Take all the layers of this tender, fruity dessert and condense them into one impossibly light, airy, fresh-flavored cookie, and it’s like summer all year long! Shortcake is delicious, but when prepared the typical way, it can feel a little old-fashioned. A sweet biscuit-like cake that’s often rolled and cut like biscuits, it’s layered with sugar-macerated strawberries, whipped cream, and sometimes chocolate
Strawberry-Chocolate Shortcake Cookies
- Food Processor
- Baking Sheet
- Stainless steel bowl
- #40 Scoop
- 10 oz. Fresh strawberries
- Sparkling white sugar or turbinado sugar
- 3 oz. Semisweet bar chocolate, finely chopped
- ½ tsp. Kosher salt
- 1 tsp. Baking powder
- 2 ½ cups All-purpose flour
- 1 tsp. Pure vanilla extract
- 2 tsp. Pure almond extract
- ¼ cup Heavy cream
- 1 Egg yolk
- 1 Egg
- 1 ½ cups Granulated sugar
- 2 Sticks unsalted butter (16 Tbsp.), softened
- Pulse strawberries in a food processor until finely chopped to yield 1 cup.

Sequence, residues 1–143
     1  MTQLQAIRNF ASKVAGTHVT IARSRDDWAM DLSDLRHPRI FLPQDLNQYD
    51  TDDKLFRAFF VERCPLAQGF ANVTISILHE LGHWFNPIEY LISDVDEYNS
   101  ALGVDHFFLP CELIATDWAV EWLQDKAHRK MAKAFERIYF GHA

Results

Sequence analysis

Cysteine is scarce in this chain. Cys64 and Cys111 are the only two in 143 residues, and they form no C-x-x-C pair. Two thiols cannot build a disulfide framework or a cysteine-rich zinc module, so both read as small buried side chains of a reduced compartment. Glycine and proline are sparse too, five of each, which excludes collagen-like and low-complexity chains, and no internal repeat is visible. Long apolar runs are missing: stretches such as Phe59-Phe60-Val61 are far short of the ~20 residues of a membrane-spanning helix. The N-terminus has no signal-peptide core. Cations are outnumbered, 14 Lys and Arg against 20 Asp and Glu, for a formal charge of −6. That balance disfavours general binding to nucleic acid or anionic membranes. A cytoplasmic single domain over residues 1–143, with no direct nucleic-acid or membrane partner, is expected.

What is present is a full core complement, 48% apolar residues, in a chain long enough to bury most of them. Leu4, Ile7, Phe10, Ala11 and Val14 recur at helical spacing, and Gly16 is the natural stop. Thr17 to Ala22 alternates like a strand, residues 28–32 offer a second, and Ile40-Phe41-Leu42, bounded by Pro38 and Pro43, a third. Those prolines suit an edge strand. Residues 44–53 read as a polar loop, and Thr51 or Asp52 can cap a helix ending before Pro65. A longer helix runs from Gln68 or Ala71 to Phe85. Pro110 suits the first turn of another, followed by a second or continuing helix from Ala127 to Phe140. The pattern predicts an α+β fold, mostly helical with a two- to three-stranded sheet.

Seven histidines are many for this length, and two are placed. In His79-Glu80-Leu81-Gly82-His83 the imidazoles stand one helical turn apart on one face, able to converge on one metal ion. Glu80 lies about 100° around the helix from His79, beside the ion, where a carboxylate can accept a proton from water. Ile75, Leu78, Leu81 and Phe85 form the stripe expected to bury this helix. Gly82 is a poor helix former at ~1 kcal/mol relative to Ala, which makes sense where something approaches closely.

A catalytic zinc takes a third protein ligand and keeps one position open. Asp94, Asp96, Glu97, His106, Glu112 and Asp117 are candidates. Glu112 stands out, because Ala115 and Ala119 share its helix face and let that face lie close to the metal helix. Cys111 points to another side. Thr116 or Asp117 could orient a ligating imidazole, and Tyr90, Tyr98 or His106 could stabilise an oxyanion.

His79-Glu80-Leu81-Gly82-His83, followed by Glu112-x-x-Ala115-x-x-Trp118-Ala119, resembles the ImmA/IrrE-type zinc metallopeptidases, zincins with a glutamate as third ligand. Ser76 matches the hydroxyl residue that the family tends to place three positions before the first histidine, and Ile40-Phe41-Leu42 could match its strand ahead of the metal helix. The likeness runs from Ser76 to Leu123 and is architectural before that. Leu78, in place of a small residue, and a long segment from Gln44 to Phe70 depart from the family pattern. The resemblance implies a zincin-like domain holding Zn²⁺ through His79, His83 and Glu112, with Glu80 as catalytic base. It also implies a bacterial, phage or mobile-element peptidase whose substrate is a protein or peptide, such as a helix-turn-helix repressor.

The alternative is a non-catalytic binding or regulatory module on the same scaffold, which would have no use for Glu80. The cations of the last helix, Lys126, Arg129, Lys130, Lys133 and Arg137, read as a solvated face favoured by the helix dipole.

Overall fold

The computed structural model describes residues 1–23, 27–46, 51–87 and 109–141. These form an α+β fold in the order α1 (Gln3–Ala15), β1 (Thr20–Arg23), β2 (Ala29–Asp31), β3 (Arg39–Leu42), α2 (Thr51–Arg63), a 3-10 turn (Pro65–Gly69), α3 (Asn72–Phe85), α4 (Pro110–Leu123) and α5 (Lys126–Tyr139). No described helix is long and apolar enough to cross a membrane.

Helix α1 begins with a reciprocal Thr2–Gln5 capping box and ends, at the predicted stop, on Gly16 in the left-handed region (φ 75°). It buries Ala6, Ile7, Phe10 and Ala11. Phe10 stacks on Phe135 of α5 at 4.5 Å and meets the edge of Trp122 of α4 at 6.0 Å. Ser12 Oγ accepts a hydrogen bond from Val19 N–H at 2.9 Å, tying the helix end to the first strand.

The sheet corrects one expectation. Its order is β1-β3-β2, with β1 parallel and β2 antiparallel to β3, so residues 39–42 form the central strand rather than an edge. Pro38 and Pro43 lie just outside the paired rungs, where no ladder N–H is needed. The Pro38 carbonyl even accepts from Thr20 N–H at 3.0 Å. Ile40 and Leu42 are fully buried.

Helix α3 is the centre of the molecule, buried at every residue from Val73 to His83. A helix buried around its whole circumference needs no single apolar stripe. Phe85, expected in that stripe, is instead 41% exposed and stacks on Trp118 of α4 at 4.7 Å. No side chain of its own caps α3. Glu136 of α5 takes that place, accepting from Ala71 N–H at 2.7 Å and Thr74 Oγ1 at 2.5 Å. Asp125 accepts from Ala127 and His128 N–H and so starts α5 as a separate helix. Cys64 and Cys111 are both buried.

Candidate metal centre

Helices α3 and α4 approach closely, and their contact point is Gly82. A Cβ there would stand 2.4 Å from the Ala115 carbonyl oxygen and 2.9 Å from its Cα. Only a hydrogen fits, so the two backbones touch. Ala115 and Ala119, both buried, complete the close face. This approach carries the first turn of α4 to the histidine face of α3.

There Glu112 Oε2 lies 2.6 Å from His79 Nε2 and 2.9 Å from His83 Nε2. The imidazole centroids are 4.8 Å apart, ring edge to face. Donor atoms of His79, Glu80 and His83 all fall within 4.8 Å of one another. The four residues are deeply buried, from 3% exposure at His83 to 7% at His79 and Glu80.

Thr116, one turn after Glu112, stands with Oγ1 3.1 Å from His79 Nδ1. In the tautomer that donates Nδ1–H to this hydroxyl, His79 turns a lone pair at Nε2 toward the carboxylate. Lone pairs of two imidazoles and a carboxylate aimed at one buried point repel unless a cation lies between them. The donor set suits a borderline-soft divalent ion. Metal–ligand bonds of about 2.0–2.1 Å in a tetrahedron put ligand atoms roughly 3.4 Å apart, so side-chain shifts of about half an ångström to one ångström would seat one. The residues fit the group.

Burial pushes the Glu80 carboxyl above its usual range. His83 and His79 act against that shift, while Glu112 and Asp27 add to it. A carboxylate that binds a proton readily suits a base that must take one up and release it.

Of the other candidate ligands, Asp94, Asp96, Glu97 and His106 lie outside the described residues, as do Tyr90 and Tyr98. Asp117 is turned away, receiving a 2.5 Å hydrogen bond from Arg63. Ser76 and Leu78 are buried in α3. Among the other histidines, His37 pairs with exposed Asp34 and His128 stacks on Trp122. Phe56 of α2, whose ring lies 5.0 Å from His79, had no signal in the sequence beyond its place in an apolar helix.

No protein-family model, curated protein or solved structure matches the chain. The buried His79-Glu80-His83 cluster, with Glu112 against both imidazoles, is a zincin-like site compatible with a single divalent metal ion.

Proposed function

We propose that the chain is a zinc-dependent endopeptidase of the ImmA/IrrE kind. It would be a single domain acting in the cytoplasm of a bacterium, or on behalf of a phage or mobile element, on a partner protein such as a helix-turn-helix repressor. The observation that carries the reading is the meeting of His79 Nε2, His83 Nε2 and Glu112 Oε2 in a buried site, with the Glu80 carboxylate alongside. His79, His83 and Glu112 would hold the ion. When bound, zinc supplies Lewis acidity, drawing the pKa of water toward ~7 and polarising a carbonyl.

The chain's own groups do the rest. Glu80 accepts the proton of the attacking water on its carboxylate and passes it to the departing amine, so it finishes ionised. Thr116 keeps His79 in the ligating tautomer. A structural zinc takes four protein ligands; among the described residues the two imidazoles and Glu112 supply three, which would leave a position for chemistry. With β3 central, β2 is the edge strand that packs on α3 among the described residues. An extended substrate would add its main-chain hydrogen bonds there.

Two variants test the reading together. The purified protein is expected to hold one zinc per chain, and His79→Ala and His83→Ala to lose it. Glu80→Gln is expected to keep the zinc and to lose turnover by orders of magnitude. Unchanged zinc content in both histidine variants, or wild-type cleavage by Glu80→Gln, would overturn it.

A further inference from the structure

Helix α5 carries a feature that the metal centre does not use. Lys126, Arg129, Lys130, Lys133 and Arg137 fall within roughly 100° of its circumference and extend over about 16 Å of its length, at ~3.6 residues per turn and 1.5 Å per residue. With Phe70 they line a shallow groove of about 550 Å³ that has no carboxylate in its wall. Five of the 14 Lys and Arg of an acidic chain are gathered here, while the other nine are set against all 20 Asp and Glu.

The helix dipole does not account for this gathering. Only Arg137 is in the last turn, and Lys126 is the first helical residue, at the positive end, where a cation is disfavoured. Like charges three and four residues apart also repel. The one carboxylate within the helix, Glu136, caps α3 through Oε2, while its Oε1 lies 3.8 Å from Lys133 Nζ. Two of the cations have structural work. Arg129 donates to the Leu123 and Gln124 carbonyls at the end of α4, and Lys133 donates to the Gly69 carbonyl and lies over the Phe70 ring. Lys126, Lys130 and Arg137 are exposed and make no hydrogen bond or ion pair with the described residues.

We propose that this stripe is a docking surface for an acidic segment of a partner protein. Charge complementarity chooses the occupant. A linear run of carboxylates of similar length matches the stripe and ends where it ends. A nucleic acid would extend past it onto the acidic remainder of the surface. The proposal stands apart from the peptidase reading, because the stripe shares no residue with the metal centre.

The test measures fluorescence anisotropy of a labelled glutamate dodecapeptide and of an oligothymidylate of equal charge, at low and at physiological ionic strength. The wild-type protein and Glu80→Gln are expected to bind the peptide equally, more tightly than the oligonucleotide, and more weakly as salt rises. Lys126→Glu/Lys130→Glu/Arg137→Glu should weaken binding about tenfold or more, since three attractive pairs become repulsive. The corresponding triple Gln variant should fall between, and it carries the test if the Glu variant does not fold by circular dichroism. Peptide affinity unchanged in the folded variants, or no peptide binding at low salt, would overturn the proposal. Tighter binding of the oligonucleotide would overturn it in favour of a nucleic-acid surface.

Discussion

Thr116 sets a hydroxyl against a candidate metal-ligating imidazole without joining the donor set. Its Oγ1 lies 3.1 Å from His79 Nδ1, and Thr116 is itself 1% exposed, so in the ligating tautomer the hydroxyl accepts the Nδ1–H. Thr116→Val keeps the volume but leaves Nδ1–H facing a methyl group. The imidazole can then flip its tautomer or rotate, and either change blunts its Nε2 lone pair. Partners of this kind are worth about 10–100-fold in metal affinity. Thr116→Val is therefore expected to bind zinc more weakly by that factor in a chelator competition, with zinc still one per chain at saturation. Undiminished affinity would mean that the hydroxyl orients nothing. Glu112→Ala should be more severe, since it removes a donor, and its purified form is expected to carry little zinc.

- Cream butter and granulated sugar in a large bowl with a mixer on medium speed until light and fluffy, about 5 minutes.
- Add egg to creamed mixture; beat on medium speed to blend, then add egg yolk and beat until incorporated. Beat in heavy cream, almond extract, and vanilla.
- Whisk together flour, baking powder, and salt; beat into creamed mixture until combined.
- Add pulsed strawberries to dough; beat just to incorporate. Stir chocolate into dough and chill at least 30 minutes.
- Preheat oven to 350°. Line baking sheets with parchment paper.
- Drop cookies with a #40 scoop (1½ Tbsp.) onto prepared baking sheets; sprinkle with sparkling sugar.
- Bake cookies until edges are set, 15–17 minutes. Let cookies cool 5 minutes on baking sheets, then transfer to a rack to cool completely.
1 servings per container
- Amount Per ServingCalories123
- % Daily Value *
- Total Fat
- Saturated Fat 4g 20%
- Cholesterol 26mg 9%
- Sodium 30mg 2%
- Total Carbohydrate
- Protein 1g 2%
* The % Daily Value tells you how much a nutrient in a serving of food contributes to a daily diet. 2,000 calories a day is used for general nutrition advice.